Drawing on Real Life

01.07.2013 |

Click on the image for an enlarged view.

Editor’s Note: This is a guest post by Jennifer Landin, a teaching assistant professor of biology at NC State who teaches a course on biological illustration. Check out why she thinks biological illustration is valuable – and some of the art created in her classroom.

While other universities have biological illustration courses, as far as I know this is the only one that uses illustration to teach biology. Most courses are taught through an art program and focus on illustrative techniques. In this course, we generally use pen and ink. Thus, the focus stays on biology rather than art. Nature is already beautiful, so the students’ work ends up looking fantastic.

So why teach Biological Illustration in a digital world? Technology is a terrific tool; it can save a lot of time if you use the tool effectively. That is precisely why we don’t use it – time and expertise. There is a very small learning curve when using a pencil or pen so most of our time is spent observing, researching and recreating the specimen.

The course is a basic diversity class; we hone in on the anatomical structures that separate groups of plants or animals. While the lecture covers a wide range of biological concepts, students select a specific organism or structure to illustrate each week. During lab, they make detailed observations and measurements, plan their illustration, research their topic and begin the drawing.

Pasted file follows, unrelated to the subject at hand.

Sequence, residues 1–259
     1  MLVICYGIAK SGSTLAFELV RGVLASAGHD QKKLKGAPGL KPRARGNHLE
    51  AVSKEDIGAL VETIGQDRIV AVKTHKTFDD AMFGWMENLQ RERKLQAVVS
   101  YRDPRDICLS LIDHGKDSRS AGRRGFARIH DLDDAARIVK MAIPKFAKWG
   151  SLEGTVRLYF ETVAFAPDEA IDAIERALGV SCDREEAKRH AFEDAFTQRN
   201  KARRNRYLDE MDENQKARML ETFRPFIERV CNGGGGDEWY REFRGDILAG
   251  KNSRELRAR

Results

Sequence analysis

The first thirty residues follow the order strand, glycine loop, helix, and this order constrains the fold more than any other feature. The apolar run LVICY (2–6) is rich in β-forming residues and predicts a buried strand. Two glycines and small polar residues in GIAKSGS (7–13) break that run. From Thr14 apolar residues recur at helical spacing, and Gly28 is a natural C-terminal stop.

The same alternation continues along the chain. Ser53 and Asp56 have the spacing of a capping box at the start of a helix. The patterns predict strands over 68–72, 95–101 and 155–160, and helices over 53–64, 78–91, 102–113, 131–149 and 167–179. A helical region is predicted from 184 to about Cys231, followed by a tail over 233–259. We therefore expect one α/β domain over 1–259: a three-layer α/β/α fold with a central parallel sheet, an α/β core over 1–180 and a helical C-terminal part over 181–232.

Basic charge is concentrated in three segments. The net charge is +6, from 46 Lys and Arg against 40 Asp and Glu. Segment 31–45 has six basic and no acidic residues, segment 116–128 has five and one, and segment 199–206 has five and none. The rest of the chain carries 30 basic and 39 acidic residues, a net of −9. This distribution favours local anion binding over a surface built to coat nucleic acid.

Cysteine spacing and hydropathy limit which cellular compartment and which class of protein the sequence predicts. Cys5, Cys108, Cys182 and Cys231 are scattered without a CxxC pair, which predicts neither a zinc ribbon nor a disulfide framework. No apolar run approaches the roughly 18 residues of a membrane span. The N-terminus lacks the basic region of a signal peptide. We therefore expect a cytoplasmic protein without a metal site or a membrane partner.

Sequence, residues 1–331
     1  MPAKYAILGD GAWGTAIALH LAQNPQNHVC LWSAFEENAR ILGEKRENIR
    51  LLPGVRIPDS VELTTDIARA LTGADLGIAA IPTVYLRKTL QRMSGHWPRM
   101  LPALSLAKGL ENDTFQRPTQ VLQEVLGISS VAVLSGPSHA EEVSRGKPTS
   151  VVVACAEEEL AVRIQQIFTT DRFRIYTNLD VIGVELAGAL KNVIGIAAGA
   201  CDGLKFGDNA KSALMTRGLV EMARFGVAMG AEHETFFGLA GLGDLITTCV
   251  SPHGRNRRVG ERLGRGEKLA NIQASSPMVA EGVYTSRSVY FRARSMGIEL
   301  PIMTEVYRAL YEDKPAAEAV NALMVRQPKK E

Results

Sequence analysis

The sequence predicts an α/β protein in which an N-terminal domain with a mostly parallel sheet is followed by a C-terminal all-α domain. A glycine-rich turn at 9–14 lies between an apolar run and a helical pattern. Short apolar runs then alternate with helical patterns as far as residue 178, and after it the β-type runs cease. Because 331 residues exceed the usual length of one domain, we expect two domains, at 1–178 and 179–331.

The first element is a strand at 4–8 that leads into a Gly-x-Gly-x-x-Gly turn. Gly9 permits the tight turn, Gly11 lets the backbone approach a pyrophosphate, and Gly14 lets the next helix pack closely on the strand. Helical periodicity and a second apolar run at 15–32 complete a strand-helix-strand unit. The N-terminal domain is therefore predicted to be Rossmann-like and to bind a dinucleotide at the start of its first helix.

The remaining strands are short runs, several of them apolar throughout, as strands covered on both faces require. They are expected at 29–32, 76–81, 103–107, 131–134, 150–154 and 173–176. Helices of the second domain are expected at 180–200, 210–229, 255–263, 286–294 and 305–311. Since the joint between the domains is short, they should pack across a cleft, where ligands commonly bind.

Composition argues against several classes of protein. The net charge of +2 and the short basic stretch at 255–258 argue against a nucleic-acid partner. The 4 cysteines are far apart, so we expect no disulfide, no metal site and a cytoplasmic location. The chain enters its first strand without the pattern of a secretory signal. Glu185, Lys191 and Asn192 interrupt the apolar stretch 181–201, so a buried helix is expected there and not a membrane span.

Observation and attention to detail are vital skills for scientists (and artists). Unfortunately, we are so bombarded by information, we tend to ignore much of it and make broad generalizations. In this class, we slow down, look closely, and concentrate on the unique structures that have evolved over billions of years.

The best part about biological illustration is that students use their illustrations to teach others about biology. They show off their portfolios, sharing all the information they learned with friends and family. When students display their work for the public, that excitement for biology gets passed along.

Those of you in North Carolina can see for yourselves. The North Carolina Aquarium at Roanoke Island will display student illustrations from January 7 through April 3, 2013. And the North Carolina Museum of Natural Sciences will show compilation pieces of student work from April 30 to June 3, 2013.

Some examples of the students’ work can be seen below. More information about the course - and another online gallery - can be found here.



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